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6 Things To Do After A Bad Job Interview

Job interviews can be a very stressful process which may cause an unfortunate bad job interview to occur.

The biggest mistake in an interview in not being fully prepared.

Learn from these six things to do after a bad interview and turn your bad experience into a positive learning opportunity.

Remember going forward in your next interview, use all means possible to prepare for your job interview and it will reflect positively on the interview itself.

Side Note:  If you qualify for the job, why aren’t you getting the job interview?  For this answer and more…

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1 – Don’t Beat Yourself Up

While it’s entirely natural to feel uneasy or frustrated after a bad interview experience, you can learn and accept your mistakes.

Identifying and learning from your mistakes makes it easier to move forward.

It’s okay to reach out to the interviewer and make things better, and the best way to do that is with a thank you letter.

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2- Send A Thank You Letter

A Thank You Letter should be sent immediately after your interview regardless of how you feel.  Even if you feel it was the worst interview ever, the professional and courteous thing to do is thank the interviewer for both his or her time as well as given the opportunity to interview.

A Thank You Letter is the perfect time for you to remind the interviewer of your strong points while focusing on the positive and staying clear of making excuses.  It also gives you a chance to leave the potential employer with a ‘positive’ impression rather than a negative interview experience.

A thank you letter may not get you the job, but what it will do is allow you to accept and learn from your mistakes.

Accepting the fact that specific job is not for you will help you to move forward.

As a helpful stepping stone to acceptance, leaving a good impression with the hiring allows you to better accept not getting the job and the ability to move forward with a positive outlook.  Think of it as a sense of relief and washing the negative away by writing the “Thank-you” letter.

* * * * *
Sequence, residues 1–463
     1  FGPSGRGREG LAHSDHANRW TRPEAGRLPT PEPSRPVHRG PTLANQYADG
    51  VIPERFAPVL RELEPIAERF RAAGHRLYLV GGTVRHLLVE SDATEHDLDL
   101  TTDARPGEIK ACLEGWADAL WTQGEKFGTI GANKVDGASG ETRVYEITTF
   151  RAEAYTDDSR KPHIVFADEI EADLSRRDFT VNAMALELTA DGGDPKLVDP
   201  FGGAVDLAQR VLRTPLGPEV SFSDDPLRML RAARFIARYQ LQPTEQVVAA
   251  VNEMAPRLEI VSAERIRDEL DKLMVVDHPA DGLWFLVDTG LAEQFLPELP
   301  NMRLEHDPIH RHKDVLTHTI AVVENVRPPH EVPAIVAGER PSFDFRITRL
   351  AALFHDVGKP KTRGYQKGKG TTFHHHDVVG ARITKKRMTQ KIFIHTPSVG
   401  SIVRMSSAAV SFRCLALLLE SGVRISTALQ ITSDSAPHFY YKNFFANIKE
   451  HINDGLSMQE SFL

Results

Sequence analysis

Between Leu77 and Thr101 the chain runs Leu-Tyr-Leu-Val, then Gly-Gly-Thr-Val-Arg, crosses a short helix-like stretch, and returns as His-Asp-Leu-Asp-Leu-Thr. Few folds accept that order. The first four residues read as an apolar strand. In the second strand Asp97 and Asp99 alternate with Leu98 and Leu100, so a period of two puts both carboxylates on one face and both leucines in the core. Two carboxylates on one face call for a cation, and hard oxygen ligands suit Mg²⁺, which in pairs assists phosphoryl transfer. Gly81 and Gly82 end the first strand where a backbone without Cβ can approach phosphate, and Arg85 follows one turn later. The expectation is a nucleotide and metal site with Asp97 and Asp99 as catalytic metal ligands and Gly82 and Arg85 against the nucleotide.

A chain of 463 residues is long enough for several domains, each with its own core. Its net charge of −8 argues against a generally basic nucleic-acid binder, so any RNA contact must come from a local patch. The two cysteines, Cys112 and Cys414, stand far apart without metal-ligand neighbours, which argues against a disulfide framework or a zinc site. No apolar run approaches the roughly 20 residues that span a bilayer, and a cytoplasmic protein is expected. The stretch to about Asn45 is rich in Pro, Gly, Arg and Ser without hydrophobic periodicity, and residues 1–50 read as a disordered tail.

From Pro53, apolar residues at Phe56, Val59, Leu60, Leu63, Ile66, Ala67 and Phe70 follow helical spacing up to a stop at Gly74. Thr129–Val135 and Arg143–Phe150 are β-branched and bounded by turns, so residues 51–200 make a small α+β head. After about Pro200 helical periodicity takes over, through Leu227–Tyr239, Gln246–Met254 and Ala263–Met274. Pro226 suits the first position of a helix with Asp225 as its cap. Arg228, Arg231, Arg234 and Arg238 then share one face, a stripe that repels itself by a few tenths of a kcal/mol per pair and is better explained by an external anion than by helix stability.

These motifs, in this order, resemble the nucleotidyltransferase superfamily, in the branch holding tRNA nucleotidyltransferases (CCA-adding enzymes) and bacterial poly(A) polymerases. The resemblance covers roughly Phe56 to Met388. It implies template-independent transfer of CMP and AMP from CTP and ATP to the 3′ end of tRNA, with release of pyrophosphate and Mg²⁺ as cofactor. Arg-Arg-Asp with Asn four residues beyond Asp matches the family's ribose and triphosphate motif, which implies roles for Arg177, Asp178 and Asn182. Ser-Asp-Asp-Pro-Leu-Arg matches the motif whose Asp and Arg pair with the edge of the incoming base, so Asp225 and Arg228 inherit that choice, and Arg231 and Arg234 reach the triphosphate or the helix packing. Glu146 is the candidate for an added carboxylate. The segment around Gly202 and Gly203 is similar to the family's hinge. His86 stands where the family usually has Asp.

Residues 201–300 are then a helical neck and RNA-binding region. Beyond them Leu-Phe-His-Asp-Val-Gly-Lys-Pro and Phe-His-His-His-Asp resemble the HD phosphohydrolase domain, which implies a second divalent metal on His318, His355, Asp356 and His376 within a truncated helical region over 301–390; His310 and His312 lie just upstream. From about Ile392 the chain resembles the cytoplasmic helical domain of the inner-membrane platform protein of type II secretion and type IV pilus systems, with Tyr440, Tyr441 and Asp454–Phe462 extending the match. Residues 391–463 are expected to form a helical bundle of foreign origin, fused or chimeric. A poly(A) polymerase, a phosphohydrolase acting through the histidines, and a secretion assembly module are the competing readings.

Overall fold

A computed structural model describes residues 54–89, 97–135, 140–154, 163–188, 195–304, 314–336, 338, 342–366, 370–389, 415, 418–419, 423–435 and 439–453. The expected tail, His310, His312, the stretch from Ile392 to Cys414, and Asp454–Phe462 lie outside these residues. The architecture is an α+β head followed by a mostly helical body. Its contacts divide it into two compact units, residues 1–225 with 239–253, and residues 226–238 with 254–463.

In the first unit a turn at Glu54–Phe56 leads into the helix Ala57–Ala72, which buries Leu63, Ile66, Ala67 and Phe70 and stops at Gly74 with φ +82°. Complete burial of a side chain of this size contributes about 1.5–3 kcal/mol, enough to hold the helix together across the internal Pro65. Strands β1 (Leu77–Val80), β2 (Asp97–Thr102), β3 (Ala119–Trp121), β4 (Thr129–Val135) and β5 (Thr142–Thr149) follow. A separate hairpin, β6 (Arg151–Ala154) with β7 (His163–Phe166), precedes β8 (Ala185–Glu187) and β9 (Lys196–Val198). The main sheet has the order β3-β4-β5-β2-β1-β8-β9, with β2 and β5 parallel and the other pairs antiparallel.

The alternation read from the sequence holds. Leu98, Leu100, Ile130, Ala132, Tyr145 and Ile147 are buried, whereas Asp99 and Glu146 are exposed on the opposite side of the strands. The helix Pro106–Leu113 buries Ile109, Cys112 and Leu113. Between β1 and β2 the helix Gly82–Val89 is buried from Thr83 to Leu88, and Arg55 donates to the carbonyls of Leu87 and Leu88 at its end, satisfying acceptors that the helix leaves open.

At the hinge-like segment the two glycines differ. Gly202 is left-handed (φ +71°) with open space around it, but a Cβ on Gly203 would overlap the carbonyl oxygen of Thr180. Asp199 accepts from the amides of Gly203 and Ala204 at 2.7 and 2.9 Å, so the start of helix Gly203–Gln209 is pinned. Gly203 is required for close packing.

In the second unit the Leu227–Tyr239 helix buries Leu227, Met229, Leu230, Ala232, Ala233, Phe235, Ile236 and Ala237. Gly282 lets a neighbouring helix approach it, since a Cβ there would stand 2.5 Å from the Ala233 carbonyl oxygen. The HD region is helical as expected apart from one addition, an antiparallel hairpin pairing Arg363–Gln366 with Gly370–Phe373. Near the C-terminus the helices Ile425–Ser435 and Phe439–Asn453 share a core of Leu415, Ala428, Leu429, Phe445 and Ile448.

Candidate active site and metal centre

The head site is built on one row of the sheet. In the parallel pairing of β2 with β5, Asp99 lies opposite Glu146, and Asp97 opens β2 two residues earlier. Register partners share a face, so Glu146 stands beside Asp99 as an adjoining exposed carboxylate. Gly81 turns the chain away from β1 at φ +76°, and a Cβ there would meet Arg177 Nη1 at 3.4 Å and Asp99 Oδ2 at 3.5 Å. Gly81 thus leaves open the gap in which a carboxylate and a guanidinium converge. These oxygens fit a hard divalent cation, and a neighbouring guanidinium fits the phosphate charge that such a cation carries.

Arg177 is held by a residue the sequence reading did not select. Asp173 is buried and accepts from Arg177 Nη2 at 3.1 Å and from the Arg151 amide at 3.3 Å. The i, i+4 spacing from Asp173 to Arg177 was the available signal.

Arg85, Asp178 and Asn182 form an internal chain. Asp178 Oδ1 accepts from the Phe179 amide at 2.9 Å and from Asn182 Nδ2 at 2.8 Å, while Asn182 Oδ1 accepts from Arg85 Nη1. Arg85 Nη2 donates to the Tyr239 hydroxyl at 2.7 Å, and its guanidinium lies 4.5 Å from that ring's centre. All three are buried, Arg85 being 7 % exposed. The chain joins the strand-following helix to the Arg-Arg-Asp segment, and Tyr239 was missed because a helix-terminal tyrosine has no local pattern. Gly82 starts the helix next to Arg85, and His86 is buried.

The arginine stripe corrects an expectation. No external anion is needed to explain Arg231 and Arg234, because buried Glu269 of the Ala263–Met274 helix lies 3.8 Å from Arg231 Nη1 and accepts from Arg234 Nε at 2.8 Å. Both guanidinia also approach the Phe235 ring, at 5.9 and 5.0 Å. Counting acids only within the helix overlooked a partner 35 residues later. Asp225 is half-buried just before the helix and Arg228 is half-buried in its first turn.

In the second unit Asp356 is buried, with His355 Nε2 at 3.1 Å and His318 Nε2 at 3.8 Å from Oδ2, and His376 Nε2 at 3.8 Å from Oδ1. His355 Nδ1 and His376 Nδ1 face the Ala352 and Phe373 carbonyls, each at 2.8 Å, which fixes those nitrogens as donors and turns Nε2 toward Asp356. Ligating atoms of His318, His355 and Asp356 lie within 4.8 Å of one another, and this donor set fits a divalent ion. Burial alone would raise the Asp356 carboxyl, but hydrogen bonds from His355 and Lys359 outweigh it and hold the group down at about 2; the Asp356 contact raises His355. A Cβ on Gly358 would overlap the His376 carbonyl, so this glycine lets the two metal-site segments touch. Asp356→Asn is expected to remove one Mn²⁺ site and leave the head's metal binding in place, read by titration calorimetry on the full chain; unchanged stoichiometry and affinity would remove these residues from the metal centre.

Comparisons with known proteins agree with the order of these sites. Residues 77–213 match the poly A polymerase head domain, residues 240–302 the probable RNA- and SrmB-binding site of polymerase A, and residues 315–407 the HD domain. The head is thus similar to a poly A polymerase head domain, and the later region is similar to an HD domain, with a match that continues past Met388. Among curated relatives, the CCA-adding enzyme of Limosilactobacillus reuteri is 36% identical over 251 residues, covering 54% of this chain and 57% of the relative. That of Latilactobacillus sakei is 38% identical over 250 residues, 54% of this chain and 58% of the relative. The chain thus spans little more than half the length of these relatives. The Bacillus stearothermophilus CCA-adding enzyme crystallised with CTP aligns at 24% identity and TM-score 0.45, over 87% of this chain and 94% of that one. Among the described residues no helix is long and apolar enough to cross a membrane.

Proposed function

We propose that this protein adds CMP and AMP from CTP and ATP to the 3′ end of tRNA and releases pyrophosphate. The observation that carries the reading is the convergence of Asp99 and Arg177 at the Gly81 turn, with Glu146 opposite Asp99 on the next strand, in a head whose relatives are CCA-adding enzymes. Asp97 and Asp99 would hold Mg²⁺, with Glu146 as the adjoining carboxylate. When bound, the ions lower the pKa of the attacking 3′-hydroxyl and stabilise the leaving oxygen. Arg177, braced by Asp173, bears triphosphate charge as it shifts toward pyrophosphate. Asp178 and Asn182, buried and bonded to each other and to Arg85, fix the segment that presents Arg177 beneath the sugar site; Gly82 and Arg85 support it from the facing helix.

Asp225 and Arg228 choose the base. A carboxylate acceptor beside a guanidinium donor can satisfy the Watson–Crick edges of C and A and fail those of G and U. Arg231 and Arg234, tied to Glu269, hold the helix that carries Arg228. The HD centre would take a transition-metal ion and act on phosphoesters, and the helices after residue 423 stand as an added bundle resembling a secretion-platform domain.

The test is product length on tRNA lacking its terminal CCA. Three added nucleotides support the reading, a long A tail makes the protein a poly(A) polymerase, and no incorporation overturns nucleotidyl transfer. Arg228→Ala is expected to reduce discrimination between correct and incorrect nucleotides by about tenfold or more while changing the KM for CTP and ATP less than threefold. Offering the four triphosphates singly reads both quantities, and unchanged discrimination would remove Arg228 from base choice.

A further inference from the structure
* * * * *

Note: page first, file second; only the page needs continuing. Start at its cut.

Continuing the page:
“Thank-You Letter” TIP: Keep it brief. No hiring manager wants to see/hear the words, “sorry,” or “I apologize” and absolutely NO excuses.

Your letter should be simple with something such as “It was nice meeting you today and I want to thank you for your time and giving me the opportunity to interview.

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3 – Follow Up


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If 48 hours have gone by and you have not heard from the employer, send an email or make a phone call expressing your continued interest in the position.

If you want to leave a good impression, remember to open and close your email or conversation on a positive note.

4 – Identify What You Did Wrong

If you have a bad feeling about an interview, reflect back and identify the key areas that need improvement.  Perhaps you could have researched the position more or perhaps you crumbled under pressure.  The best way to determine the areas of improvement is by creating a road map of your interview from start to finish making key points on how to improve for your next interview.

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5 – Determine What You Did Right

It’s important to identify the positive areas of your interview.  You can use the positive areas for growth in the negative areas.

Whether your interview is in person or remotely, it’s okay to take notes.

One of the best tools for an effective job interview is by writing down the questions asked and your answer.  Use your own short-hand with abbreviations.

6 – Get Back In The Game

Turn your negative into a positive and get back into the game.

Now that you have the information you should have had, which you didn’t and how you will better answer difficult questions next time, it’s time to put the lessons you’ve learned from your experience and start lining up new job interviews.

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Job Interviews - 6 Things to do After a Bad Job Interview